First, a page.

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Lancet Neurol. 2004 May;3(5):279-83.

Epidemiology and genetics of cluster headache.

Author information

  • Department of Neurology, Akershus University Hospital, Oslo, Norway. m.b.russell@klinmed.uio.no

Abstract

Cluster headache, the most severe primary headache, is characterised by unilateral pain, ipsilateral autonomic features, and, in many cases, restlessness. Recent epidemiological studies indicate that the prevalence of cluster headache is about one person per 500. Genetic epidemiological surveys indicate that first-degree relatives are five to 18 times-and second-degree relatives, one to three times-more likely to have cluster headache than the general population. Inheritance is likely to be autosomal dominant with low penetrance in some families, although there may also be autosomal recessive or multifactorial inheritance in others. To date, no molecular genetic clues have been identified for cluster headache. Identification of genes for cluster headache is likely to be difficult because most families reported have few affected members and genetic heterogeneity is likely. Future focus should be on ion channel genes and clock genes. This review summarises the epidemiology and genetics of cluster headache.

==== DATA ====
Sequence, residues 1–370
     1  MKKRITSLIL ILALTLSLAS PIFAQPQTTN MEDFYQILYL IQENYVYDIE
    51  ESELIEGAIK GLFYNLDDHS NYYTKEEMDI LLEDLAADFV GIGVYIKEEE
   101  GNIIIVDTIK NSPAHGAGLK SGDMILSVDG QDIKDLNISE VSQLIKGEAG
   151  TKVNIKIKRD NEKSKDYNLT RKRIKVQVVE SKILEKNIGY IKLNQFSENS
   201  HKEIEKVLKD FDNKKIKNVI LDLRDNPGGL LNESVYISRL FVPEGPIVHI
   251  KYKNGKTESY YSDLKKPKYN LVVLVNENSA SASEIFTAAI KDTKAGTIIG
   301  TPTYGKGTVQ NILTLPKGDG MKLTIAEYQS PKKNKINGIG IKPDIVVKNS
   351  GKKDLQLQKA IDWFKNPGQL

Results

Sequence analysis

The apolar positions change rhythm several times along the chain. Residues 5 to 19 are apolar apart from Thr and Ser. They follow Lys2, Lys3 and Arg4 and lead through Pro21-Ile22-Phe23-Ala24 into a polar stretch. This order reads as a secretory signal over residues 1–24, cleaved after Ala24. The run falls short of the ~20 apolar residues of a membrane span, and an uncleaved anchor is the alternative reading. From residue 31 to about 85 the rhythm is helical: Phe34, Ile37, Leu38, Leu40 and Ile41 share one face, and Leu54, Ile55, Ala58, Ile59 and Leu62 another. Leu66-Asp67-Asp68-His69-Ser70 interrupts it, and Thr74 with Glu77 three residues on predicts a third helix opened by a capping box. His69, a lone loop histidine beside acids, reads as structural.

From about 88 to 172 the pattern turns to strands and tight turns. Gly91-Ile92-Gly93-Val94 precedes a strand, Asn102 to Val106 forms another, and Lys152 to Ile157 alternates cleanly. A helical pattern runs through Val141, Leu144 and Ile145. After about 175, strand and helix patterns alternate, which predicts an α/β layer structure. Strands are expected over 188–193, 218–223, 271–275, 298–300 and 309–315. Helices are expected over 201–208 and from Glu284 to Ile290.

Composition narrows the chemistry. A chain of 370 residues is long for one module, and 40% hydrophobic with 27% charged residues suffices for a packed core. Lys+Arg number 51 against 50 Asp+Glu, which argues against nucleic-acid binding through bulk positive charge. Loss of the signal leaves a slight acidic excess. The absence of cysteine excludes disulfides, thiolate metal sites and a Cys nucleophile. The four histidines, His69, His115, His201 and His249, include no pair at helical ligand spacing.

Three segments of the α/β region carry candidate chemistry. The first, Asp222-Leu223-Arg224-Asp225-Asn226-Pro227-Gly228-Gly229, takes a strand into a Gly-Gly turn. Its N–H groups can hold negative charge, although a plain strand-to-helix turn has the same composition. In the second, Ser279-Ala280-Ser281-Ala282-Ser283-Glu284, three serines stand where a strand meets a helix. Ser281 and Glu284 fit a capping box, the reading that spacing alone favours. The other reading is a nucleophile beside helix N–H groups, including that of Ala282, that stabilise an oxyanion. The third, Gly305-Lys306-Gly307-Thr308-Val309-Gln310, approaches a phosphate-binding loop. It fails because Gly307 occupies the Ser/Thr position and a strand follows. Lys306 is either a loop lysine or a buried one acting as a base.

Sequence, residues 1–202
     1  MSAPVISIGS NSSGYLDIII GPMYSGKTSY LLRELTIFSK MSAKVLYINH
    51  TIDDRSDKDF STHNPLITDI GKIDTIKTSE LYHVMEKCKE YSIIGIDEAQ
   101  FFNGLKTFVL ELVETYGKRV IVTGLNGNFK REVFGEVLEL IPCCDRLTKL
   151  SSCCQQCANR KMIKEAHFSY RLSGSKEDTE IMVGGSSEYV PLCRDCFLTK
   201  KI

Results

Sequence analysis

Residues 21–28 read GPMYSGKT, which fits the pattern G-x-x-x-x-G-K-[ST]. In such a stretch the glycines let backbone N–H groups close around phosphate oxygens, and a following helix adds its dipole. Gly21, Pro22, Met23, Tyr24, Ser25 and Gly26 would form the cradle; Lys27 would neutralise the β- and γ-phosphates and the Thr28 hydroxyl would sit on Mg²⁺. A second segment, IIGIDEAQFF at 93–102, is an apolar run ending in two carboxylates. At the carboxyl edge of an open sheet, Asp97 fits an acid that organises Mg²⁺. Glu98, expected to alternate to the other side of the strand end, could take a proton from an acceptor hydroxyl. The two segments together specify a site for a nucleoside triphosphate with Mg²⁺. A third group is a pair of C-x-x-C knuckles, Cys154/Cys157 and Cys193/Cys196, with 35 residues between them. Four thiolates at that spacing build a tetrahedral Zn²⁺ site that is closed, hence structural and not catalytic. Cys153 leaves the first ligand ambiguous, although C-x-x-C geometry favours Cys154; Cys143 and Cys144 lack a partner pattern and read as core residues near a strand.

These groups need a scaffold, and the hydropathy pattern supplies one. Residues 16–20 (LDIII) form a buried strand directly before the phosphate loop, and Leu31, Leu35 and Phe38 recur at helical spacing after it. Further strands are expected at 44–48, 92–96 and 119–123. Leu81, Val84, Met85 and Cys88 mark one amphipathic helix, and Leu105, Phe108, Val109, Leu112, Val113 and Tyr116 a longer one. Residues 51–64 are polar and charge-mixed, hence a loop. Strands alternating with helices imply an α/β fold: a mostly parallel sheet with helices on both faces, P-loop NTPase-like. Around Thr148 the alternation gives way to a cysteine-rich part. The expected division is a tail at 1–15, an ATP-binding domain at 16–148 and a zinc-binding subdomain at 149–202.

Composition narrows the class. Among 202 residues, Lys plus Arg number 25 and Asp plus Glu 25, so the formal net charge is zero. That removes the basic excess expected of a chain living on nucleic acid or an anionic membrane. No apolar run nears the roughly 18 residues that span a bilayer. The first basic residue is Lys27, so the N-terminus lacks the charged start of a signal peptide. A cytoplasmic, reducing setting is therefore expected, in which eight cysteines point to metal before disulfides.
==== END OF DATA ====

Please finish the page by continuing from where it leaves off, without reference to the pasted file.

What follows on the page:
PMID:
15099542
[PubMed - indexed for MEDLINE]
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